Exploring the Cancun lagoon in a way that’s healthy for humans and healthy for nature
Human activity has made a severe impact on Nichupté Lagoon, especially those related to fuel-powered engines: yachts, wave-runners and other types of boats. Most of these machines are not in top condition, and the burned oil that they release affects the mangroves, the habitat of hundreds of marine species, and the underground water table itself.
Thinking that human activity will stop on Nichupté is naïve, but we can definitely move towards healthier options, for the lagoon and ourselves. I met Camila Pulido from Conexión Nativa Kayak Tours to learn about kayaking in the lagoon. It is the best way to experience the lagoon without causing a negative impact, while building up your biceps in the process.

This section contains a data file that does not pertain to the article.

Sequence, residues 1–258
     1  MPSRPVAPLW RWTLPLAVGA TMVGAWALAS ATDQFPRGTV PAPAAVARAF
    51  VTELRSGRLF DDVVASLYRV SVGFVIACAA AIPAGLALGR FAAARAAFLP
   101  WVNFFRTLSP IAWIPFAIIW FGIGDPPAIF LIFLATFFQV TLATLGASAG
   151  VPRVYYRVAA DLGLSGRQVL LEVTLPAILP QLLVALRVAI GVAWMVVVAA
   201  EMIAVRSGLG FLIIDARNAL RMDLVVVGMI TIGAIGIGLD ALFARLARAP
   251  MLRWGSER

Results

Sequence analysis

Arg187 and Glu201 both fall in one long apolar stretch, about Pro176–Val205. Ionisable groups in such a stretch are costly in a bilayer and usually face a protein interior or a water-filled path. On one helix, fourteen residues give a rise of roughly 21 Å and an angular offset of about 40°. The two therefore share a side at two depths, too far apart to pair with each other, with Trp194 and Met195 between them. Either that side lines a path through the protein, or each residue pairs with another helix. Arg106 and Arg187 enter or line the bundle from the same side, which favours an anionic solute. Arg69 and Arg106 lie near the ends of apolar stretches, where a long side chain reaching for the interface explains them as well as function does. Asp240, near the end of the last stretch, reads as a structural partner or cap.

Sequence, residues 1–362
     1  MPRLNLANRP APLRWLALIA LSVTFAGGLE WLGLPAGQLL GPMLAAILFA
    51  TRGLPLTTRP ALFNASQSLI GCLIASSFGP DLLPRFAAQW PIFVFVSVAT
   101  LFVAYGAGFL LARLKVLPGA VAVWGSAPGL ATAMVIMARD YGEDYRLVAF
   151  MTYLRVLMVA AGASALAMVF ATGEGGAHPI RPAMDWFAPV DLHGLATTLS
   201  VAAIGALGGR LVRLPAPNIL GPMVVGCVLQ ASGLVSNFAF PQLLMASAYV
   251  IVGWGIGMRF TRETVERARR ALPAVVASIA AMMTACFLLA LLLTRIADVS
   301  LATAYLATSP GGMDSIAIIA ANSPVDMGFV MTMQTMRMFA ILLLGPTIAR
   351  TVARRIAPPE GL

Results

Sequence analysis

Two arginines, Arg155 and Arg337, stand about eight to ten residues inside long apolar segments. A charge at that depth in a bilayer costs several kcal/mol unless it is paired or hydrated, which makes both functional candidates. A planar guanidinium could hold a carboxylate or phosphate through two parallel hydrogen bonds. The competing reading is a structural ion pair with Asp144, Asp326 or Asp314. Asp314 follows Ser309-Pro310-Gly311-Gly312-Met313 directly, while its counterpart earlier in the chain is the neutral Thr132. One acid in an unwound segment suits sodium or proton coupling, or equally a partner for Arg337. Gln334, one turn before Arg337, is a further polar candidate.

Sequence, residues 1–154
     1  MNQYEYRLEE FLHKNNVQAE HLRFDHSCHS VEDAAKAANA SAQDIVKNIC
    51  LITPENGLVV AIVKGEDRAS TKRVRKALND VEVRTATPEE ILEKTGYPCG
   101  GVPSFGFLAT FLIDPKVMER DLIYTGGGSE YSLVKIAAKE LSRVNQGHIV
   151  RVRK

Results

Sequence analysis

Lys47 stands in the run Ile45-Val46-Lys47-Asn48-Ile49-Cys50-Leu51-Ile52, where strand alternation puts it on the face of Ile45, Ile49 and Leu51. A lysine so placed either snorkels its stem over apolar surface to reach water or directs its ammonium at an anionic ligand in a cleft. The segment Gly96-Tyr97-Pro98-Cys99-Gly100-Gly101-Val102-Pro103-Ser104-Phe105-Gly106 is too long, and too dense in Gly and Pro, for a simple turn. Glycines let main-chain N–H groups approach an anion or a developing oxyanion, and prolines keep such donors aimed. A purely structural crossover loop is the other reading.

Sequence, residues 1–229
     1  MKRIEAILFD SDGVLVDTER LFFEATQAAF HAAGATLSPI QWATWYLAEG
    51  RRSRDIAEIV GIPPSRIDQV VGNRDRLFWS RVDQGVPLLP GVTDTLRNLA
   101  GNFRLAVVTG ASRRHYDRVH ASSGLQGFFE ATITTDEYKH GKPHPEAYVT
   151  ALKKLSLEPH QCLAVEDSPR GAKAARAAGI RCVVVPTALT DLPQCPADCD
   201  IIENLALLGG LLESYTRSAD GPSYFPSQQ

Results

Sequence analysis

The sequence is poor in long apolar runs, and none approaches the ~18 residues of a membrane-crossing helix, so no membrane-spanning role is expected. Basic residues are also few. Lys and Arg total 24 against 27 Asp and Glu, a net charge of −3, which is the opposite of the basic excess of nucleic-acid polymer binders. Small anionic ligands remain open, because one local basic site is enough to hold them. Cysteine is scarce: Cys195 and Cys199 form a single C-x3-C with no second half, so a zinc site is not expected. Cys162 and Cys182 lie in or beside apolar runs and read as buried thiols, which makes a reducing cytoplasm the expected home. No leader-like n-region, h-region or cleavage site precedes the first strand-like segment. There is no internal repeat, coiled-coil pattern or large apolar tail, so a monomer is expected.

Conexión Nativa (native connection) is a group of local kayakers offering new ecologically conscious alternatives for visiting the lagoon. They want people to see that it is not a lost cause, and that Nichupté is still alive and safe. The tour includes a visit to a Cancun connoisseur’s spot inside the lagoon, a small beach called Playa Conchitas (Little Shell Beach). You may even find love in the Laguna del Amor springs.
A great thing about kayaking is that you can collect garbage floating around and rescue any creature that might need a hand. They even saved a couple of crocodiles recently. That’s the idea behind it all of this, to put you in touch with your native spirit.
Contact Alfredo (9981499001) and book a visit with friends to the heart of the Nichupté Lagoon. Conexión Nativa also do kayak trips to Isla Blanca, one of The Playa Times’ favorite places. They’ll take you to see the flamingos and other fantastic birds and, only during this season, to see the bioluminescence, so don’t miss out!
Camila also collaborates with Wind & Wave Cancun Surf School. You can find them at Playa Chac-Mol if you want to learn how to catch a wave, or go for a paddle board visit to the lagoon. They are the coolest guys around.